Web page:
|US7125058 *||May 27, 2005||Oct 24, 2006||Hr Textron, Inc.||Locking device with solenoid release pin|
|US7189186 *||Aug 1, 2003||Mar 13, 2007||Delphi Technologies, Inc||Brake transmission shift interlock actuator|
|US7195197||Feb 11, 2005||Mar 27, 2007||Hr Textron, Inc.||Techniques for controlling a fin with unlimited adjustment and no backlash|
|US7410038 *||Oct 8, 2003||Aug 12, 2008||Svm Schultz Verwaltungs-Gmbh & Co. Kg||Locking unit|
|US8729993 *||Dec 5, 2012||May 20, 2014||Kabushiki Kaisha Tokai-Rika-Denki-Seisakusho||Solenoid and shift device|
|US9382999 *||May 13, 2011||Jul 5, 2016||Zf Friedrichshafen Ag||Shift-by-wire shifting device having mechanical parking lock actuation|
|US20030200863 *||Apr 26, 2002||Oct 30, 2003||Delphi Technologies Inc.||Collapsible pushrod for a power brake of a vehicle|
|US20050037890 *||Aug 1, 2003||Feb 17, 2005||Weber Alexis C.||Brake transmission shift interlock actuator|
|US20050098400 *||Oct 8, 2003||May 12, 2005||Dieter Kleinert||Locking unit|
|US20060091683 *||May 27, 2005||May 4, 2006||Hr Textron, Inc.||Locking device with solenoid release pin|
|US20060236804 *||Apr 26, 2005||Oct 26, 2006||Ruhlander Gregory P||Shifter base with integrated receptacle for cable adjust assembly|
|US20070007383 *||Feb 11, 2005||Jan 11, 2007||Hsu William W||Techniques for controlling a fin with unlimited adjustment and no backlash|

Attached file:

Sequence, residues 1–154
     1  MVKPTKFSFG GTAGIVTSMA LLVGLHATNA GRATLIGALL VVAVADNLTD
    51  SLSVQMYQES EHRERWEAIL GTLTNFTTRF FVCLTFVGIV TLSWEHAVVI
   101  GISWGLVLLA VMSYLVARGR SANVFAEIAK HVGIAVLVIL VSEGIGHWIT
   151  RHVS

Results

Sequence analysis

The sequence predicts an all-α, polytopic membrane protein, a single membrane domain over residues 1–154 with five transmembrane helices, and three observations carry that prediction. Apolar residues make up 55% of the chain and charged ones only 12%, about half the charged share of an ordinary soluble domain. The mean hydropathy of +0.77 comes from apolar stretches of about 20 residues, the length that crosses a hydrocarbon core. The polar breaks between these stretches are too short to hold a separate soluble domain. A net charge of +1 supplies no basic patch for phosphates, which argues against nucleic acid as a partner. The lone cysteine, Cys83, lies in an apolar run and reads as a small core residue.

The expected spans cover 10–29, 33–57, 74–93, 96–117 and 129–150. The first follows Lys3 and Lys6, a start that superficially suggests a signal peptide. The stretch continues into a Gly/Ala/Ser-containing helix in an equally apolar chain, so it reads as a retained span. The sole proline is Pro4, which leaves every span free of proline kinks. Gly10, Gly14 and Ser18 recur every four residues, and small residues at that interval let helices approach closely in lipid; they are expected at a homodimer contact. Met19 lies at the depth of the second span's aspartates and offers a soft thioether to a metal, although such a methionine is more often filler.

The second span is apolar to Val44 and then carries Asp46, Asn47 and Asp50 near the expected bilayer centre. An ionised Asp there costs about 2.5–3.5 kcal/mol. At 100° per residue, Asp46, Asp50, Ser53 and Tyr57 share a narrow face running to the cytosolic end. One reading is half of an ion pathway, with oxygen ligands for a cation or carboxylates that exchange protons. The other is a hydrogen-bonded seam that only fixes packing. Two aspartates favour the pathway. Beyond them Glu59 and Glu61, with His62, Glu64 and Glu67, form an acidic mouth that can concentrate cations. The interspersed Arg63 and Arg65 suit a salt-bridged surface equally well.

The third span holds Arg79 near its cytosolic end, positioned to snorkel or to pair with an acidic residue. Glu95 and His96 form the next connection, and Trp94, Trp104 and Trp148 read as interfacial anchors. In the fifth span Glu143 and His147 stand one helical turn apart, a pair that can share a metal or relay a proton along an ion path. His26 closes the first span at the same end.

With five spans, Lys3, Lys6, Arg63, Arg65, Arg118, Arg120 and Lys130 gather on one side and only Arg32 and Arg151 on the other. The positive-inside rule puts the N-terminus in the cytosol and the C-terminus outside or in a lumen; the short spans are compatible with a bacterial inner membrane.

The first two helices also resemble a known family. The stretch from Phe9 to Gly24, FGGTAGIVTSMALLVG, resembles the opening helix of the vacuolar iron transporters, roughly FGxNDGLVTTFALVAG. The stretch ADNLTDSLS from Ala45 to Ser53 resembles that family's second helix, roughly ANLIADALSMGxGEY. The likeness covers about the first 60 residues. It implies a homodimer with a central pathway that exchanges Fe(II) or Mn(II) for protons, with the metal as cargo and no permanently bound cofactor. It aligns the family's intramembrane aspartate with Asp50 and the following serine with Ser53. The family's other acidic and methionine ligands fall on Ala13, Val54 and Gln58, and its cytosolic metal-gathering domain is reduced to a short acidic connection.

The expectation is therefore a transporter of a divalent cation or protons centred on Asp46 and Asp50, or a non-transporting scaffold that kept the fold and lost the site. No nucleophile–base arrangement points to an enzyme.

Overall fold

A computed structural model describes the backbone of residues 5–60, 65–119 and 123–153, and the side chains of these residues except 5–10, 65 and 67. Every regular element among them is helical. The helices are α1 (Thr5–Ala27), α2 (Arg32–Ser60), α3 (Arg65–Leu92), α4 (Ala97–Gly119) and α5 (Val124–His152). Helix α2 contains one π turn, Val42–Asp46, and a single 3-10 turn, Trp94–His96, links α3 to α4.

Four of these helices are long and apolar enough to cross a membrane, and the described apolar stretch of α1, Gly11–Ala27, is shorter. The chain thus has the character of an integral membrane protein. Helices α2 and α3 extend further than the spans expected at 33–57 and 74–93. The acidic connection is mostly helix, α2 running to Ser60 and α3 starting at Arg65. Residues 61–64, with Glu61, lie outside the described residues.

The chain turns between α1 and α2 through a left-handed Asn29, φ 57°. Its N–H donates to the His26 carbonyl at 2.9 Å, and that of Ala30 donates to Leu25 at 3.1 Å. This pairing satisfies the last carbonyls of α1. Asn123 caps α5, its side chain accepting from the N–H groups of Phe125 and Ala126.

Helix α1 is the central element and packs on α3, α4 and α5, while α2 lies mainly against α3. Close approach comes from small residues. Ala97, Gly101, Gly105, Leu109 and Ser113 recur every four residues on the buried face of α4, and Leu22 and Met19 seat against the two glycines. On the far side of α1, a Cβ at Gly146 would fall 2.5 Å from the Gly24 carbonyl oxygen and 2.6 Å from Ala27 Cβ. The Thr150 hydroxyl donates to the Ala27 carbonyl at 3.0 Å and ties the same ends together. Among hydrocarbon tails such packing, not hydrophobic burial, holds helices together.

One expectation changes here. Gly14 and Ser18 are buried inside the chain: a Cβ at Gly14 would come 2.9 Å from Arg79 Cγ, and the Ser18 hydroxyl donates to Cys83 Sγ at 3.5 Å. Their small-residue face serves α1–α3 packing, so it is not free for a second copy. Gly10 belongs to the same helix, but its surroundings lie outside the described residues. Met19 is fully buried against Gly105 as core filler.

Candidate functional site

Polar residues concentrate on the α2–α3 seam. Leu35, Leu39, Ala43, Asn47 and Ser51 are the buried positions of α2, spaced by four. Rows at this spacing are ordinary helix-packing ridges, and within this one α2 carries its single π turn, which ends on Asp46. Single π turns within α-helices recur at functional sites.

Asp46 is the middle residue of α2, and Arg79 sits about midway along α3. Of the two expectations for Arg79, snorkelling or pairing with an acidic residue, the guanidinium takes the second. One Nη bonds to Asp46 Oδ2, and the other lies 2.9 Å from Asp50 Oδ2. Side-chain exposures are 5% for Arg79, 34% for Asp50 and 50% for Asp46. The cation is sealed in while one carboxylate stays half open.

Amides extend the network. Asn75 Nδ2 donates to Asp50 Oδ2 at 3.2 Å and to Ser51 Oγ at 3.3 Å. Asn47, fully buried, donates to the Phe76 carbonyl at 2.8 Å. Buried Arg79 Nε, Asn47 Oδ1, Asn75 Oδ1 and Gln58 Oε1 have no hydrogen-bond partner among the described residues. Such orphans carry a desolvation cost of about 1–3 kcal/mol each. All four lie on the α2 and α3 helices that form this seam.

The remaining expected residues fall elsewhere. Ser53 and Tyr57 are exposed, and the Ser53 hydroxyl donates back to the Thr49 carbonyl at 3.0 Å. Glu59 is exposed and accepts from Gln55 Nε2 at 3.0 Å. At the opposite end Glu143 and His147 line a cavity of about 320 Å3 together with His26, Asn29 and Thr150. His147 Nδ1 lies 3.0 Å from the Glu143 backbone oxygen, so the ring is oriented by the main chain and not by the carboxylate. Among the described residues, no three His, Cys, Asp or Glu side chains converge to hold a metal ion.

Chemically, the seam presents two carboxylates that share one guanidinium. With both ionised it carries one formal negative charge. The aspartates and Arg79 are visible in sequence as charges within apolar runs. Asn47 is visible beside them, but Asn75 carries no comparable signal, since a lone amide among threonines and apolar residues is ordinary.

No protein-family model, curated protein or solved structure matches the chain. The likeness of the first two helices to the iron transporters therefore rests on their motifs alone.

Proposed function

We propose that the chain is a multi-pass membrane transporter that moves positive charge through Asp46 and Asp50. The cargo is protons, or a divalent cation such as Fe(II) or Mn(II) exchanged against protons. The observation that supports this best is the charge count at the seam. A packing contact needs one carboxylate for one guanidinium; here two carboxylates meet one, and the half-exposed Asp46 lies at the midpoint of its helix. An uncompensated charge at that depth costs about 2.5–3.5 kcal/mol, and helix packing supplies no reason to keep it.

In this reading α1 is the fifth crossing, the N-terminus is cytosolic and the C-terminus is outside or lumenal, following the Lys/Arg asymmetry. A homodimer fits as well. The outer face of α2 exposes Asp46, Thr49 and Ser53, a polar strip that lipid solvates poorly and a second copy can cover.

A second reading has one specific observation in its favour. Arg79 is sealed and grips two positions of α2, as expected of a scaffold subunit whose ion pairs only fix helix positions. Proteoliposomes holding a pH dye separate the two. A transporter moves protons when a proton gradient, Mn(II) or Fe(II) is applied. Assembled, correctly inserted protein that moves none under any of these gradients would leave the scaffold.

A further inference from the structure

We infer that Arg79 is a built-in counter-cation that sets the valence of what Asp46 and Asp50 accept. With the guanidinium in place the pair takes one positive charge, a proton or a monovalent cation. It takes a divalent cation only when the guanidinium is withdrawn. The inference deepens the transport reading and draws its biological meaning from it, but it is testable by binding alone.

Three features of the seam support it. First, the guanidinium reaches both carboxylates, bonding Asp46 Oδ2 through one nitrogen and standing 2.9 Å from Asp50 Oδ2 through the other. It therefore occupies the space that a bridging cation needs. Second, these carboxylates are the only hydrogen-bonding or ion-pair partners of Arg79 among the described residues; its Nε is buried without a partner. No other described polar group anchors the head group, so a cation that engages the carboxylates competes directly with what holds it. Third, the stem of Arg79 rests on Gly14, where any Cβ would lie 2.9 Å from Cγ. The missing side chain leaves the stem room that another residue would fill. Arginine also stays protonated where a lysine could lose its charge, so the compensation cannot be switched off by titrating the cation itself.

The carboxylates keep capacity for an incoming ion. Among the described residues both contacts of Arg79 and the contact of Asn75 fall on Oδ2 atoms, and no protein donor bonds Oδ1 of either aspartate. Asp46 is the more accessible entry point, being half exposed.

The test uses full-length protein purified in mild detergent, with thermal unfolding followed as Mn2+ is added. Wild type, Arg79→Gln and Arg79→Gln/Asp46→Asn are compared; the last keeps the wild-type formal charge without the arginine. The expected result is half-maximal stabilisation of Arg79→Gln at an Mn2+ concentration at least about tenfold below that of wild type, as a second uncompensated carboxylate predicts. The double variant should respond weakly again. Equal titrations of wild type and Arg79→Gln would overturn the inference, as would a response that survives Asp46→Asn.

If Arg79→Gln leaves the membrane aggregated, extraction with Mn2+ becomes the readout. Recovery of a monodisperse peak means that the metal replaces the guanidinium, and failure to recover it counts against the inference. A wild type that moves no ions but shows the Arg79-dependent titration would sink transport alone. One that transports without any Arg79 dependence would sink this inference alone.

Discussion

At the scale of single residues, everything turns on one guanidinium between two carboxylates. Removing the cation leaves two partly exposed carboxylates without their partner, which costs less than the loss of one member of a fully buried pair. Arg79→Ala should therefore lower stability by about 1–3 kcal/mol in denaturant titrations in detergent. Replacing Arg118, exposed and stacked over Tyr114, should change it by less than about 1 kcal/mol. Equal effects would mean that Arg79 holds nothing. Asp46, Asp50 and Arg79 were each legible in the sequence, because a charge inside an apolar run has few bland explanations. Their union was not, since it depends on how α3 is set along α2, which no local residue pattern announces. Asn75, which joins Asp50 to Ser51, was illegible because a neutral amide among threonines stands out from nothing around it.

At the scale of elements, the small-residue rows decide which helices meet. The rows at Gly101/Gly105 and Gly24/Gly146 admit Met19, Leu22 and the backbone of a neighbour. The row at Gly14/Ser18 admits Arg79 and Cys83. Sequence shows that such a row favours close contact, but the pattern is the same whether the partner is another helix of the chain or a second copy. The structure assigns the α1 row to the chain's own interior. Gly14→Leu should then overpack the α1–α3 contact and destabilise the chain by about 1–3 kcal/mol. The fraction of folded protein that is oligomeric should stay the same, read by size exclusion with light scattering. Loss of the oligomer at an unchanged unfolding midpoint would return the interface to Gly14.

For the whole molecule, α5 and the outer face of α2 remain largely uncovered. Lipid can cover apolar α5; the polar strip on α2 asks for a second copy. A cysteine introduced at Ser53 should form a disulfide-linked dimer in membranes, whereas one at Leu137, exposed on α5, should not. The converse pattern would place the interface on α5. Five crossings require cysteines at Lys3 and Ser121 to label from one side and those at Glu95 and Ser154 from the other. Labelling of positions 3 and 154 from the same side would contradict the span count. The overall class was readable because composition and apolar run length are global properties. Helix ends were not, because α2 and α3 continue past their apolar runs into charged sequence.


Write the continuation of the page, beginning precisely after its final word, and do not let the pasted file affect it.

|US20080099971 *||Oct 31, 2007||May 1, 2008||Adcor Industries, Inc.||Quick connect fastener assembly|
|US20130147585 *||Dec 5, 2012||Jun 13, 2013||Kabushiki Kaisha Tokai-Rika-Denki-Seisakusho||Solenoid and shift device|
|US20130199326 *||May 13, 2011||Aug 8, 2013||Andreas Giefer||Shift-by-wire shifting device having mechanical parking lock actuation|
|CN102933876A *||May 13, 2011||Feb 13, 2013||Zf腓德烈斯哈芬股份公司||Shift-by-wire shifting device having mechanical parking lock actuation|
|WO1998050259A1 *||May 2, 1997||Nov 12, 1998||Patrick Brochard||Electromechanical theft protection for motor vehicles|
|U.S. Classification||180/272, 70/257, 180/271, 70/245, 192/222, 74/526, 74/502.4, 74/502.5, 70/248, 70/251|
|International Classification||F16H61/22, F16C1/12|
|Cooperative Classification||Y10T70/5951, Y10T70/5925, Y10T70/5938, Y10T70/5978, Y10T74/2063, Y10T74/20456, Y10T74/2045, F16H2061/223, F16C1/12, F16H61/22|
|European Classification||F16H61/22, F16C1/12|
|Jun 6, 1994||FPAY||Fee payment|
Year of fee payment: 4
|Jun 30, 1998||FPAY||Fee payment|
Year of fee payment: 8
|Jul 1, 2002||FPAY||Fee payment|
Year of fee payment: 12